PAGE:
From farm to fashion

After a successful debut at the Lakme Fashion Week last year, the Pollachi-based brand returned to woo Delhiites with its spring exhibition last month.

Published: 07th April 2018 10:00 PM  |   Last Updated: 07th April 2018 01:25 PM   |  A+A-

Vijayalakshmi Nachiar and her husband, Mani Chinnaswamy |

Express News Service

It’s the age of sustainable fashion. Needless to say, India’s first organic farm to sustainable fashion brand—Ethicus—is making all the right noises. After a successful debut at the Lakme Fashion Week last year, the Pollachi-based brand returned to woo Delhiites with its spring exhibition last month. The brand’s second outing comprises three new collections of saris and ready-made blouses showcasing weaves made from organic cotton—All-Day Elegance, Ratan, and Made by Hand.

All-Day Elegance’s contemporary designs symbolise smart dressing for all-day needs and give the wearer the comfort of the finest of organic cotton but the drape of a crepe or georgette. Ratan is a classic and timeless collection with gold and silver threads and elaborate borders, buttis  and jaals all over. Available in festive and pastel shades, these are perfect for summer weddings and party wear—with each piece painstakingly woven by an artisan over the period of a month. Made by Hand are handwoven on looms in Pollachi, and further fine-crafted by artisans from Kutch. This limited edition collection of Ajrakh and Bandhani saris are printed with natural dyes.

What’s more, each sari carries a tag mentioning where the cotton was grown, who the artisan is, how many days it took them to complete it. “It’s all about recognising the effort that people have put into the making of a product. The textile value chain is so huge that the cotton goes through the hands of hundreds of people before the final product is made. When a consumer knows who has made their product, it’s not nameless and faceless anymore. It then has a soul,” explains Vijayalakshmi Nachiar, who, along with her husband, Mani Chinnaswamy, established the label in 2009.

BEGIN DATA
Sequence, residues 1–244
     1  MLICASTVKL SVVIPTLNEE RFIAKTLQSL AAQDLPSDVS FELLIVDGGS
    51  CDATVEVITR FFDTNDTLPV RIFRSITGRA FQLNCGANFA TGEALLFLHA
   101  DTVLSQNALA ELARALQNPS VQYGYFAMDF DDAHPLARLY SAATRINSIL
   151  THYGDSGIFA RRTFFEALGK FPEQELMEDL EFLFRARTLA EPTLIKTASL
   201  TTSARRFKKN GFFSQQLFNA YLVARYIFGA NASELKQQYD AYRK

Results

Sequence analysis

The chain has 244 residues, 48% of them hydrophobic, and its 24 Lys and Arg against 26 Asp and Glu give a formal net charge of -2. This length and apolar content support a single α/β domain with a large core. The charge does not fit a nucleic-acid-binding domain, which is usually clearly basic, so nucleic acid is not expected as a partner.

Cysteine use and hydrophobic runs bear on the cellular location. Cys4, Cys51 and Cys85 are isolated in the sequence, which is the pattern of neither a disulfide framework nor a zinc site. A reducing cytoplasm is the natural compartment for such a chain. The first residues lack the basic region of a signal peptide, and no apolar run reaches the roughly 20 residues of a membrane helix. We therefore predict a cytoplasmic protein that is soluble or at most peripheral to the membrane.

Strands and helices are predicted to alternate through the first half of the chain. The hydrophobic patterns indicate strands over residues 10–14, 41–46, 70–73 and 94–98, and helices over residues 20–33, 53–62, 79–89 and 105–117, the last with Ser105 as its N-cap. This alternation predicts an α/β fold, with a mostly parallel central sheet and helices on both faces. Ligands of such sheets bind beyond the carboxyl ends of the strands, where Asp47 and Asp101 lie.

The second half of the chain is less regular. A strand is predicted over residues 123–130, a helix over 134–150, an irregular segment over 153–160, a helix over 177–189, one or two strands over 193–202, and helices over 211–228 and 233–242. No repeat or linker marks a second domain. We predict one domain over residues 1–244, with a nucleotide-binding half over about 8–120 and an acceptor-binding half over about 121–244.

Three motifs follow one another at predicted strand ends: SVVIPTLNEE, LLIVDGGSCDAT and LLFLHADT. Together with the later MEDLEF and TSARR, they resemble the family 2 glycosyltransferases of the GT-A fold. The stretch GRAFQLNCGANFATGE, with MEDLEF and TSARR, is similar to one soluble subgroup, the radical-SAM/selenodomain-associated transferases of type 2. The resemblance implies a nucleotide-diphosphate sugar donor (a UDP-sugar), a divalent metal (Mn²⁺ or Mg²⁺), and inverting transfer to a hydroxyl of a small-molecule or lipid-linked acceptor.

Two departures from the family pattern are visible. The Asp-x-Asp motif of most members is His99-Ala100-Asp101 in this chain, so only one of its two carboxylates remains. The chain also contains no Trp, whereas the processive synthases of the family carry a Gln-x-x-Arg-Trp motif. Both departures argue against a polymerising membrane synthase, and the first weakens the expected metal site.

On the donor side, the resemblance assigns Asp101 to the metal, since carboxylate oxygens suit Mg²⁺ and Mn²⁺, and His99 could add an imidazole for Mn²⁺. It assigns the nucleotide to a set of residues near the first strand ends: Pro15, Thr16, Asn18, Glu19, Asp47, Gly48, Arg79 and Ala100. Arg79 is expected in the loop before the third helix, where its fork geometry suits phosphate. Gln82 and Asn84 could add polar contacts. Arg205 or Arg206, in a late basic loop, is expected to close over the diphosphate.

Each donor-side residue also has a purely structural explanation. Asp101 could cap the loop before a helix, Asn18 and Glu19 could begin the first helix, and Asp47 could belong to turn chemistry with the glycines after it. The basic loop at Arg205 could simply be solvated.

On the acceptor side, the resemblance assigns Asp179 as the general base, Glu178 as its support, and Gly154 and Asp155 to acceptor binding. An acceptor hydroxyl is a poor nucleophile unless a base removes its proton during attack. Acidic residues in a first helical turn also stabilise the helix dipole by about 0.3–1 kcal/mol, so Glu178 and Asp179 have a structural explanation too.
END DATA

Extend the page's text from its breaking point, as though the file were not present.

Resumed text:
Ethicus, which actually stands for ‘Ethics and Us’, is aimed at reviving the rich local hand-weaving traditions of the area through product development and design intervention. Explaining the farm-to-fashion concept, Nachiar says, “It’s all about forming a sustainable value chain and bringing in traceability to it. It’s also about ‘inclusive growth’ and giving an identity to the people involved in its manufacture. The main objective has been to grow the finest of organic cotton and produce textiles using the tradition of handloom weaving to make our heritage fashionable.”

Nachiar’s idea translated into six yards of wonder in cotton to make women rediscover the joy of wearing saris as a part of daily routine. “Through Ethicus, we are trying to bring in the humble ‘cotton’ into the forefront of sustainable fashion by taking it to boardrooms, parties, to social events and even to weddings,” she says.

Hailing from a family rooted in the cotton business, and armed with a master’s in textiles and clothing, she calls Ethicus a ‘Made in India brand’ that has its ethos firmly based in creating the best of Indian textiles and reviving the pride in the traditional textile heritage of India. Its parent company, Appachi Eco-Logic Cotton (P) Ltd, pioneered India’s first cotton contract farming model and today grows the finest organic cotton in the country. Taking immense pride in the fact that they had got into the business when sustainable fashion was not the rage, she says, “My fascination with textiles is inherent. We are not just another label. We are keenly aware of the resources we use and our carbon footprint. Our process is slow. Our products are of the highest quality, and our designs are timeless.”

Nachiar ensures that a minimum of two collections is made every year, one for the summer and the other for winter. These are available through exhibitions in India and abroad, and retailed from select stores across the country as well as online. “We would like to foray into ready-made garments in the future and are also looking at expanding our business online,” Nachiar adds.


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